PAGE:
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Warning: This article will discuss suicide. If you are struggling with thoughts of suicide, there is help available to you. Please call the National Suicide Prevention Lifeline at 1-800-273-8255

Some time has passed since the Netflix original series ‘13 Reasons Why’ premiered with controversy. The show’s narrative centered around the life of young high schooler Hannah Baker, who took her life in suicide. Problematically, in the show’s last episode, there is a graphic depiction of Hannah’s planning and her ultimate suicide. Professionals, parents, and teenagers alike raised alarm about the show and its contents, concerned that it wasn’t sending the right message about suicide. There are right ways and wrong ways for the media to depict or discuss suicide, according to the World Health Organization, and the show did not adhere to such guidelines. As the second season looms near for a 2018 premiere date, it is important to return to the discussion of whether or not we should be watching the show and what we need to know when we do.

Researchers at San Diego State University analyzed aggregate internet data collected from Google Trends in 2017 after the show’s release, according to Fatherly. A short window of time was examined to control for ‘suicide’ related search terms that would have come up in 2017, like the death of NFL player Aaron Hernandez and the release of “Suicide Squad”. Findings revealed that suicide-related searches increased shortly after the release of ‘13 Reasons Why’:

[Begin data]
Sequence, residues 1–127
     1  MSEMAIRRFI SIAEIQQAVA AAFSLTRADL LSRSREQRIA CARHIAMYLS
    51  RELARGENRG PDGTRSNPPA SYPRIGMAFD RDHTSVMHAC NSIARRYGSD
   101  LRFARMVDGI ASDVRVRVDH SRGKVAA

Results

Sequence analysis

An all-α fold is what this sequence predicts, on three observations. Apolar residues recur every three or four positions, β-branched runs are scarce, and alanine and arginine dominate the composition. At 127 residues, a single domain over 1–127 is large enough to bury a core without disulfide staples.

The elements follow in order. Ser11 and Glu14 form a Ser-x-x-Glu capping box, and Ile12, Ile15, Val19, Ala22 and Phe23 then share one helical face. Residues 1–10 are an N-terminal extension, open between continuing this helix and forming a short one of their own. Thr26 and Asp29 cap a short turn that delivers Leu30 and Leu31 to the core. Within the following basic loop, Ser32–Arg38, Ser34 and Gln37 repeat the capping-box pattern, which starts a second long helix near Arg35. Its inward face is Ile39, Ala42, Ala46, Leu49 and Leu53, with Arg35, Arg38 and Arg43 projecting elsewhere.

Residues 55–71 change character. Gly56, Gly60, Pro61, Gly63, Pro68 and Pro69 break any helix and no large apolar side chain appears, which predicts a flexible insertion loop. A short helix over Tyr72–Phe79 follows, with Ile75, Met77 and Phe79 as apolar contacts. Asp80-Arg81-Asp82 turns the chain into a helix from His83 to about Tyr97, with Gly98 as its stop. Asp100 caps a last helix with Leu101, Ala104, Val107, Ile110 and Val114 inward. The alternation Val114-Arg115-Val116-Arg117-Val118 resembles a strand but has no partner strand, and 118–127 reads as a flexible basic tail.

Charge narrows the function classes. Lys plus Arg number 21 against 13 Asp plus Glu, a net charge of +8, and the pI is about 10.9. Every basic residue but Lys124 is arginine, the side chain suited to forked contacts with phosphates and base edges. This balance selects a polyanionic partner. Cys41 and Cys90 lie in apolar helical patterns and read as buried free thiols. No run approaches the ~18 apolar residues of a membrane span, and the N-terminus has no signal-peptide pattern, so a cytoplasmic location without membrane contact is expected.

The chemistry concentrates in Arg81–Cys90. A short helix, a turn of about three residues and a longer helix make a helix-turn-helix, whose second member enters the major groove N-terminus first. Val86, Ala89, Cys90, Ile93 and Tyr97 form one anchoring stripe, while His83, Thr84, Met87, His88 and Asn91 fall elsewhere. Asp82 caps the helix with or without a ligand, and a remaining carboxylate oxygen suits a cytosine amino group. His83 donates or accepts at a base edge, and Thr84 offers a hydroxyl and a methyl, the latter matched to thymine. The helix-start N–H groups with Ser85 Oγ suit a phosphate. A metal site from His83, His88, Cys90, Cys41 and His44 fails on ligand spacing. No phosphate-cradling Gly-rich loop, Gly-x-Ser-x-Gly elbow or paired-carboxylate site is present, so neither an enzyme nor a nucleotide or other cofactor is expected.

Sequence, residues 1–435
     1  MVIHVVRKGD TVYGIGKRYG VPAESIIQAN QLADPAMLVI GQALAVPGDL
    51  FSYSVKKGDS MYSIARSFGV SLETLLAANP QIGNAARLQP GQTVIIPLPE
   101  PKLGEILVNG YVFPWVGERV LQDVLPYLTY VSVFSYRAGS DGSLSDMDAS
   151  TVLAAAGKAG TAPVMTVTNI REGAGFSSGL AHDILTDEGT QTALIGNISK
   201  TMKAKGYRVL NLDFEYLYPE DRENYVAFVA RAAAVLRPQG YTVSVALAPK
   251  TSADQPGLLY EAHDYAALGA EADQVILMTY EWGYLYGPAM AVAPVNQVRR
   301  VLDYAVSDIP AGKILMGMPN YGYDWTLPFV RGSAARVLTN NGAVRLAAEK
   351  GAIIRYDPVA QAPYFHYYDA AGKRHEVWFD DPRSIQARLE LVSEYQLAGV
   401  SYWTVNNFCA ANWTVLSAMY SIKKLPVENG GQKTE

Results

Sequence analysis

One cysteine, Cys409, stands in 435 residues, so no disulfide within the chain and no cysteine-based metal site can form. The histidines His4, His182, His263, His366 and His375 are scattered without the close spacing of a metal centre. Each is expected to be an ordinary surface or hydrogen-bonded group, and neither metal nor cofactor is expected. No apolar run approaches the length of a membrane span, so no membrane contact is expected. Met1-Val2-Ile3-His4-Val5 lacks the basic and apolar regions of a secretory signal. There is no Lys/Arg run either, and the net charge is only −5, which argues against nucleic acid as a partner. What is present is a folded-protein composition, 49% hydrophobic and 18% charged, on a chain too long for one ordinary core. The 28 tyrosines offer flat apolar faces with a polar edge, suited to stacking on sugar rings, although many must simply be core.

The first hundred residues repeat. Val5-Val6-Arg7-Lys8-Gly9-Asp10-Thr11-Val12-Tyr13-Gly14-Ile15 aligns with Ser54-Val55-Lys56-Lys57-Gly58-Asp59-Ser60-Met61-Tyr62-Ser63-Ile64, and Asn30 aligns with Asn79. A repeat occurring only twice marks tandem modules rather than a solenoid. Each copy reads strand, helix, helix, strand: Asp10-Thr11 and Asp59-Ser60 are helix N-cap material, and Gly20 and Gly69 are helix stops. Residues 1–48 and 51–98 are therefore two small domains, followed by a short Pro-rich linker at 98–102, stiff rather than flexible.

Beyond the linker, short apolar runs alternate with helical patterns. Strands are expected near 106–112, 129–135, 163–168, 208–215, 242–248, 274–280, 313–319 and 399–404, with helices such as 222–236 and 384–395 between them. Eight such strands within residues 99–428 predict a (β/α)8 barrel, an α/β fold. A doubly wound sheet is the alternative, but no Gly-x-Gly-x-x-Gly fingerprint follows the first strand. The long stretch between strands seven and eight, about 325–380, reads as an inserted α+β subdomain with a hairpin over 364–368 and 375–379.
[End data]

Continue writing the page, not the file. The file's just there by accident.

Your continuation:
“Suicide hotlines” term increased 12 percent“Suicide prevention” term increased 23 percent“How to kill yourself” term increased 9 percent“Commit suicide” term increased 18 percent“How to commit suicide” term increased 26 percent

Scientist’s are pushing for Netflix to cancel the series and take the show off of their streaming platform because of a demonstrated connection between suicidal thinking and suicidal action.

Hannah Baker, the show’s main character, suffers a series of traumas both physical, social, and emotional, throughout the time of her life illustrated by the show. Suicidal thoughts and ideations, both passive and aggressive, are common in individuals who have experienced trauma and have not received any kind of therapy or treatment for coping.

If you have experienced trauma and are struggling with thoughts of suicide, know that crisis passes. You are not alone. You can find peace in your life. The Guest House Ocala offers private trauma treatment customized to your every individual need to ensure you the best treatment possible. Call us today for information: 1-855-483-7800